Photo – Mecum

The DW12 was IndyCar’s new chassis beginning in the 2012 season. Named for the late Dan Wheldon, the DW12 is expected to be the series’ base chassis through the 2020 season. Built by Dallara, this chassis, #037, won the 2016 Indy 500 with rookie Alexander Rossi behind the wheel.

The engine in this car is a twin-turbo 2.2-liter Honda V-6 tuned to make about 625-ish horsepower. It still wears the distinctive blue and yellow NAPA livery that Rossi took to victory lane as well as the 2016 Honda Speedway aero kit. You’re probably wondering why this “2012” Dallara won the 2016 Indy 500. Well, here’s the Indy 500 competition history for this chassis:

  • 2012 Indianapolis 500 – 12th (with Alex Tagliani)
  • 2013 Indianapolis 500 – 24th (with Tagliani)
  • 2014 Indianapolis 500 – 20th (with Jack Hawksworth)
  • 2015 Indianapolis 500 – 16th (with Gabby Chaves)
  • 2016 Indianapolis 500 – 1st (with Alexander Rossi)

That’s right, it’s run five Indy 500s, winning the last time out (and what a race it was). The official entrant was Andretti Herta Autosport with Curb-Agajanian… which is a mouthful. Indy 500-winning cars rarely change hands and many of them are owned by the Speedway Museum itself. So it’s rare that one is out in the wild – especially one that could technically still compete. Here’s your chance to grab a piece of history. Click here for more info and here for more from this sale.

Update: Sold $1,127,500.

Honda S800

1968 Honda S800 Cabriolet

Offered by Aguttes | Lyon, France | March 18, 2017

Photo – Aguttes

Honda is known for their economy cars and hatchbacks. But the second production car they ever built was a sports car, the 1963 S500. The S800 was introduced two generations later in 1966. It wouldn’t have a successor until 1999’s S2000.

The S800 was produced as a coupe and convertible and its targeted competitors included the likes of the Austin-Healey Sprite and MG Midget. It’s basically Japan’s first take on the classic English roadster. Take that Mazda Miata. The engine here is a 791cc straight-four making 78 horsepower. And it revs to almost nine grand, so it’s going to sound awesome with the top down.

Only 11,536 examples of the S800 were built between 1966 and 1970. The current owner acquired this example in the early 1990s and had it restored. The bright yellow paint looks great and the styling on this cars continues to improve with age. With less than 20,000 miles since the restoration, it’s still relatively fresh and ready to rev. It should bring between $24,000-$30,000. Click here for more info and here for more from this sale.

Update: Sold $36,210.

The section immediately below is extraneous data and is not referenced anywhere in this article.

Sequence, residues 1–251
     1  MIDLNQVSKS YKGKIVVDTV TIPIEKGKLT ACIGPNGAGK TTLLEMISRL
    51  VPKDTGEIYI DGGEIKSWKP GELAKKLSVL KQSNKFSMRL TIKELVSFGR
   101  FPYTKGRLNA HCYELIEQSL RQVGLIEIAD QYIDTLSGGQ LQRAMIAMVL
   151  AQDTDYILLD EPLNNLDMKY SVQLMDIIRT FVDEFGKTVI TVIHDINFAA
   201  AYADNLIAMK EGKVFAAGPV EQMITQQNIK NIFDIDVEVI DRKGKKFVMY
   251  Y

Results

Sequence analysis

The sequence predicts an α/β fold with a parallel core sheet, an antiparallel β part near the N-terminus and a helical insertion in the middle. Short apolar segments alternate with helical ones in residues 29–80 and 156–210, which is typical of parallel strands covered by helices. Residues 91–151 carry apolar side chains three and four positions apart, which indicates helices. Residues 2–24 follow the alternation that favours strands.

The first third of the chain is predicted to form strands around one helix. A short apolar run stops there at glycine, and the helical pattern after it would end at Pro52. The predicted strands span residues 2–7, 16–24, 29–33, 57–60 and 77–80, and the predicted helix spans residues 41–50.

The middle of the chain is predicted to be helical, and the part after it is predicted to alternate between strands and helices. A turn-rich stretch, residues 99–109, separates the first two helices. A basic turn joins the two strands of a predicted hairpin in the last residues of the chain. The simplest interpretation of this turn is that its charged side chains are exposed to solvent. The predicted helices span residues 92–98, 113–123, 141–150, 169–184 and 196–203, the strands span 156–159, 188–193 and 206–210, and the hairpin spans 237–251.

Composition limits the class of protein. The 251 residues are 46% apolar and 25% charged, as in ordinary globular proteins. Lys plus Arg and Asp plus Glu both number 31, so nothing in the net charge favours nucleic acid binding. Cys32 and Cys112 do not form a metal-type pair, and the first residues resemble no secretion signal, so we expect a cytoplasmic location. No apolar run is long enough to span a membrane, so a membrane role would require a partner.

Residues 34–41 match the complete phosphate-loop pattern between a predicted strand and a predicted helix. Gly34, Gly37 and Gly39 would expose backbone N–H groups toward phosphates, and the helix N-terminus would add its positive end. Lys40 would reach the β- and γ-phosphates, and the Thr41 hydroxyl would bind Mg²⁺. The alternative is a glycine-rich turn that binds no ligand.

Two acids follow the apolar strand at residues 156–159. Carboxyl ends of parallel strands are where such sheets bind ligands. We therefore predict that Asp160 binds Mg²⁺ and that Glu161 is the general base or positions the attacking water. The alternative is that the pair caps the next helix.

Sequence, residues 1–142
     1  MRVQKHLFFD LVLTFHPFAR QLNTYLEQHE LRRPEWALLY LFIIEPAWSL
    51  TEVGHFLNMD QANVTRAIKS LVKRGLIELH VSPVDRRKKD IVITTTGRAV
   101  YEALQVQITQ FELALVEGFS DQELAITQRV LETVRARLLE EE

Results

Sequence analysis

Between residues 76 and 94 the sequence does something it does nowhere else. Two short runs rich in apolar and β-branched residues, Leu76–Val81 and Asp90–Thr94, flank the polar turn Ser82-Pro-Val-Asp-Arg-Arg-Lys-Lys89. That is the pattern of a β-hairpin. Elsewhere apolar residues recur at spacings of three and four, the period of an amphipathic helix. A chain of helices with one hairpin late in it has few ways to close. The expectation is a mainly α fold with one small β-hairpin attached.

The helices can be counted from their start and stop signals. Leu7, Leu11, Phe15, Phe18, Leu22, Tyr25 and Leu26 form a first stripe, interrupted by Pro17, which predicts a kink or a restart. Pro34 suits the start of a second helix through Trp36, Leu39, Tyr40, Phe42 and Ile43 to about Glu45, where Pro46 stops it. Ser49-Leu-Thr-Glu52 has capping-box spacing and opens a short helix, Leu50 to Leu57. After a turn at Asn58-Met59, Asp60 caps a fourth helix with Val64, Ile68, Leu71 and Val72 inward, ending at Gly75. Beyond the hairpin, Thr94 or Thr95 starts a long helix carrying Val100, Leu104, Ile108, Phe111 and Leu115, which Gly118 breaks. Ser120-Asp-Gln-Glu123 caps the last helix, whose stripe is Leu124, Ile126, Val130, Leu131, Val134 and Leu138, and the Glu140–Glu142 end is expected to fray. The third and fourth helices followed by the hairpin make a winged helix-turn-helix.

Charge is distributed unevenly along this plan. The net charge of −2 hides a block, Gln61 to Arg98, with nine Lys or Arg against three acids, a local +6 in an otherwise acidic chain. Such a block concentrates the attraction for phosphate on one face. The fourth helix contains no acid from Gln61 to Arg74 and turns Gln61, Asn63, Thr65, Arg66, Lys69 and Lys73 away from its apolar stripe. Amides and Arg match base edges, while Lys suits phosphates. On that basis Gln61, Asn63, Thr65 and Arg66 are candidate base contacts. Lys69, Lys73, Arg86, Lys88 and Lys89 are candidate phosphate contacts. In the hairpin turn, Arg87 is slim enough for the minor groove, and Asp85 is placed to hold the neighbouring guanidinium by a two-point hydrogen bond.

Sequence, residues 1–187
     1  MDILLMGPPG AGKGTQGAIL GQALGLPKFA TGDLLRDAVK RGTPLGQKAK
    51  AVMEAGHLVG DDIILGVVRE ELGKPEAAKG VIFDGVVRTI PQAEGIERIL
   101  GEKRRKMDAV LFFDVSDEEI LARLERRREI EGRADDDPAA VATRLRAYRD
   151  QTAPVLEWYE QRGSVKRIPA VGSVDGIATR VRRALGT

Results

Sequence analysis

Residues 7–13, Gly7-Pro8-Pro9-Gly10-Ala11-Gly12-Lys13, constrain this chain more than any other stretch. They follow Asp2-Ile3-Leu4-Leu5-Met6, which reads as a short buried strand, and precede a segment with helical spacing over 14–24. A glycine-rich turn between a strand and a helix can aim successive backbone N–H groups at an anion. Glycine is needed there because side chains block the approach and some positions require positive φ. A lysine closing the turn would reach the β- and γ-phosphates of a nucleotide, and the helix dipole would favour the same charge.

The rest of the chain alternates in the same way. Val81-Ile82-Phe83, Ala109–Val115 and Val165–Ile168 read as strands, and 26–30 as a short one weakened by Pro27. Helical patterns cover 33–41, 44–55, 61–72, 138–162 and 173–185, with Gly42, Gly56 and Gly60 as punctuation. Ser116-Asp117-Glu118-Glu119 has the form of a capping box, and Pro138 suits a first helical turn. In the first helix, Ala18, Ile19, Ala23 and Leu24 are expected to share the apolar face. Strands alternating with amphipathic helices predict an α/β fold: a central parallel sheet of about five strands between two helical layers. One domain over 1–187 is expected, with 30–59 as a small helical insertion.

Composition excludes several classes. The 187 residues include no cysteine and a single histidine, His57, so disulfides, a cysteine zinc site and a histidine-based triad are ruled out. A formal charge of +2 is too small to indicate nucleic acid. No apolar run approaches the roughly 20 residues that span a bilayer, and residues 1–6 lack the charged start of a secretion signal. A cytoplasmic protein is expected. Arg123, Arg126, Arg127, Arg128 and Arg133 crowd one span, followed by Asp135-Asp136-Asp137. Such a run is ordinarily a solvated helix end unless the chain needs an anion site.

Lemur Monitors: BlueDriver. Tested!

First off let me admit that I seem to have some pretty terrible luck when it comes to automobile ownership. My last car needed an emergency Gorilla Tape repair at one point. So when this little guy showed up in the mail this week, I was rather excited:

300dpi BlueDriverSensorInHand

Lemur Monitors’ BlueDriver is a very compact OBD-II scanner that you plug in under your dash. Pulling up an app on your smart phone then tells you what’s going on under the hood. It’ll work on every 1996 or newer car. Got a check engine light that won’t go away? This will tell you what it is. They sent me one to play with, so play I did.

I downloaded the app, which is free, then popped this thing on an ’02 Camry in the garage that has had it’s dashboard lit like a Christmas tree with yellow warnings for well over a year. Once the scanner is in place, you turn the car on and it pairs via Bluetooth to your phone.

300dpi BlueDriverCarOnce it’s paired, you can read any error codes your car is throwing as well as run a smog check (if you live in an unfortunate state) and run live diagnostic checks that will tell you different temperatures and things – all color coded so you know what’s wrong (you can also log data as you drive).

And boy was there stuff wrong! Once you click “Read Codes,” it will spit out a button for each code and from there you can dive into possible causes and reported fixes. I can honestly say this would have saved me a lot of time back when my Mazda acquired a gaping hole in an air hose and my local mechanics fixed everything but. I would have personally searched every hose before handing over the keys.


Pictured: Bad News.

The reports are saved off in the app itself, but it’s really easy to email yourself a PDF so you can look at it later on a different machine. I had four codes, three of which I already knew about, but one – a too-lean fuel system – was new. After seeing the error, I looked in the live diagnostic tool and confirmed that the fuel trim wasn’t what it should be.

Screenshot_2015-06-12-15-39-00 (1)

Now that I knew what was wrong, I needed to figure out what to do about it. Luckily the app is packed with info on each error code. It gives you possible causes, some of which are more helpful than others. And it gives you possible solutions, ranging from the free (Hey, your gas cap is loose!) to the very costly (You need a new catalytic converter!). And when you’re done, it takes a single click to clear all the codes – but be warned, once they’re gone you can’t report on them. Lucky for me, these codes will definitely be re-appearing.


The PDFs are pretty nice, especially if the car isn’t yours.

I also tried plugging this in to my much-healthier Civic. There weren’t any codes to read but I could at least check out the live feed to see what was going on. But that’s about the extent of it if your car doesn’t have issues.

It’s fairly easy to use once you realize that you need to turn the car on in order for your phone to find the scanner (which I didn’t at first). But luckily there is a built-in user manual that consists of YouTube videos – the car repair manual of the 21st century. You will also need the VIN number of the car… which turns out to be sort of interesting in itself (see below).

In all, the BlueDriver is pretty handy. For $99.95 you get a little black box that will fit in your pocket – but it’s the app that you’re paying for. It’s packed with information that’s actually helpful. If you spend a lot of time on the road – or are taking a long-distance road trip – this would be an excellent thing to keep in your glove box should your car encounter and mysterious issues along the way. It can definitely help calm you down if your check engine light comes on in the middle of nowhere. Whether or not the cost is worth it is up to you.

Bonus: there is a vehicle info section that allows you to enter a VIN number and then it will decode the entire thing. If you’re a car nerd, this is pretty cool for when you’re walking around a car show or parking lot and want to know what’s supposed to be under the hood of every car.